Absolutely. Those same words were used to Nixon throughout his time on Vietnam. People were asking him to set a timetable. The weeks that I was copying the Pentagon Papers in October of 1969, a bunch of us at RAND were also putting forth a proposal to get out in one year, by 1970. Nixon was saying, no, no, no, no, that way they'll be able to wait for us to leave and then move in. We can't do that. And he was giving all the arguments that Bush is giving now. In fact, I wonder if Bush has actually opened the old drawers or brought down one of Nixon's memoirs from the shelf or something and simply copied the speeches, because that's what he's saying.
I'm still convinced - though most people aren't - that Nixon didn't mean at all for Saigon to be Communist in 1975 or 1978 or 1980. The reason he was rejecting the notion of having all American troops out by setting a deadline, setting a timetable, was not because he objected to that particular timetable or to having a timetable, but because he had no intention of giving up American presence altogether. Ever.

And that's where I think we are today. What are the secret intentions or plans of the White House, specifically of Bush and Cheney and Rumsfeld? I think it is not their intention or expectation or willingness to see a total removal of U.S. influence and presence in Iraq. Ever. In light of that, I don't think what people need to face up to is what I regard as a likelihood that this war is going to go on much longer than two years or four years or eight years. I think that figures like 30 and 40 and 50 years should be considered. That's what they have in mind. When I say that, I'm not talking just about their hopes or expectations, because of course Nixon had hopeful expectations that were frustrated. I'm talking about intentions that I think may very well be fulfilled by Democrats as well as Republicans, intentions to hold on to bases and oil at all costs. I'm not at all confident that Democrats will be willing to give up those bases.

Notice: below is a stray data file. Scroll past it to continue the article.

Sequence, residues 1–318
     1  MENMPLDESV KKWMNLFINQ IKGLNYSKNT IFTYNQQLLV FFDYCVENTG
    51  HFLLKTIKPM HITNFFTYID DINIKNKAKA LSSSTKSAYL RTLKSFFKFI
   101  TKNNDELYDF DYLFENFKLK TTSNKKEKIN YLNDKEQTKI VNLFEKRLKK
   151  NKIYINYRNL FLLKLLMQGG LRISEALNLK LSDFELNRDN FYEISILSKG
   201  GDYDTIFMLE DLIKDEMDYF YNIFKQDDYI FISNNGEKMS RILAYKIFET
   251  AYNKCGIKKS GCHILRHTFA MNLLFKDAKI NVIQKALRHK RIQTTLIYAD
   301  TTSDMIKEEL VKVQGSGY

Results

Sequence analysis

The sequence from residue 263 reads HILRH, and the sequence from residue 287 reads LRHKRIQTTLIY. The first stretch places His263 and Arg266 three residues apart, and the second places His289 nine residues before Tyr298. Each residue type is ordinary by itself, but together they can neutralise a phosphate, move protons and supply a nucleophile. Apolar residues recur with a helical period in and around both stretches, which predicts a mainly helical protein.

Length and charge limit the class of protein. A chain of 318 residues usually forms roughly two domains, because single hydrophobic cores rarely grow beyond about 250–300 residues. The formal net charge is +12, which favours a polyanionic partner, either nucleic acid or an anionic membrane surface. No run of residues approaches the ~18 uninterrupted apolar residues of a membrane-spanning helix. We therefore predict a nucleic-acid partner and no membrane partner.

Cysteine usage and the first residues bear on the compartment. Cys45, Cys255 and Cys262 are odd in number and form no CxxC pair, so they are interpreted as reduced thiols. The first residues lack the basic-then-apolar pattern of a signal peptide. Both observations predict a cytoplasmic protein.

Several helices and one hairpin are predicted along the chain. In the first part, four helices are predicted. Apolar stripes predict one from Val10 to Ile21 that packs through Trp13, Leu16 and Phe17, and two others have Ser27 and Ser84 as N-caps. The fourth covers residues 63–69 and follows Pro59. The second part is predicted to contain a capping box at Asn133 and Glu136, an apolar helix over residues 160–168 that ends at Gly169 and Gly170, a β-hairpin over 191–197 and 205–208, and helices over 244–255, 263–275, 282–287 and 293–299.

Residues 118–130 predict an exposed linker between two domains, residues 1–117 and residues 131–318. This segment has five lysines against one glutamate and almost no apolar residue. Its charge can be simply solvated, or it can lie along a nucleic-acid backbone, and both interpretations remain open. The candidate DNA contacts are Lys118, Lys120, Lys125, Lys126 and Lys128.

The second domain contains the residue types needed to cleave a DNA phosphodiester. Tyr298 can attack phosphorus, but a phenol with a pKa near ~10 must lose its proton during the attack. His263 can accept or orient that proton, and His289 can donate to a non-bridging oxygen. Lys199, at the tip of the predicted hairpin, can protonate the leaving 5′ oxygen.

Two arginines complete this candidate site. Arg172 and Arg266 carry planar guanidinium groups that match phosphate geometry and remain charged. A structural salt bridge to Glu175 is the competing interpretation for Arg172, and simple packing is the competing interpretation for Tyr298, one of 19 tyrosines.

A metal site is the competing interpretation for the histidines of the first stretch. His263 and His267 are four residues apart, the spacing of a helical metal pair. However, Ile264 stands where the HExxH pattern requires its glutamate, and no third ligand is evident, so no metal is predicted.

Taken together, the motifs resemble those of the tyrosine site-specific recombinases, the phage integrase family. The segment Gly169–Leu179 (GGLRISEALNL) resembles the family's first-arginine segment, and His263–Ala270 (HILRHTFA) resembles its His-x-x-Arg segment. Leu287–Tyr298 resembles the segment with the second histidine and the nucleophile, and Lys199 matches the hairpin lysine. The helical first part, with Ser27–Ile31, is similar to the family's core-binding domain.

But the point is people need to start facing up to the fact that when Bush talks about being out of there, he's either lying or being incredibly wishful. Again, we come back to the question, can Bush possibly be persuaded that he really is going to get all he wants and that Chalabi is going to be vindicated in the end? I don't know. I can't figure Bush out, when it comes to his expectations. But I think he is determined to get what he wants, and realistically that won't let him reduce our troops all that much while he's in office."

Q: If, as you've said before, you fear us going into Iran, won't we have to have a draft? Won't that create so much protest they can't move forward with their plans?

No. First of all, the draft didn't stop Vietnam. It went on and on and could have gone on longer. I think we were very lucky in a number of ways that it didn't go on a lot longer. Anyway, it wasn't the draft, it was the large casualties and that was a result of Westmoreland's search-and-destroy missions and attrition strategy. That was known by many of the generals and they weren't willing to take a stand and take responsibility for reining him in on that. They were very critical of his strategy and the great American losses that we were suffering, but they wouldn't tell him not to do it.

If they had stopped that and really changed the strategy and gotten the U.S. casualties down greatly, they could have stayed in Vietnam and they would not have been forced out of it, because Americans are very tolerant of bombing and they're very tolerant of foreigners dying.
Q: And that appears to be Bush's strategy for the next year.
That's what he hopes for.

Q:He's going to go to air power and pull some troops out.
And Americans will go along with that."

So this is from part 5 of the interview: A direct link is:

Fascinating reading. Especially for those of us who lived through the Vietnam War and can remember the release of the Pentagon Papers.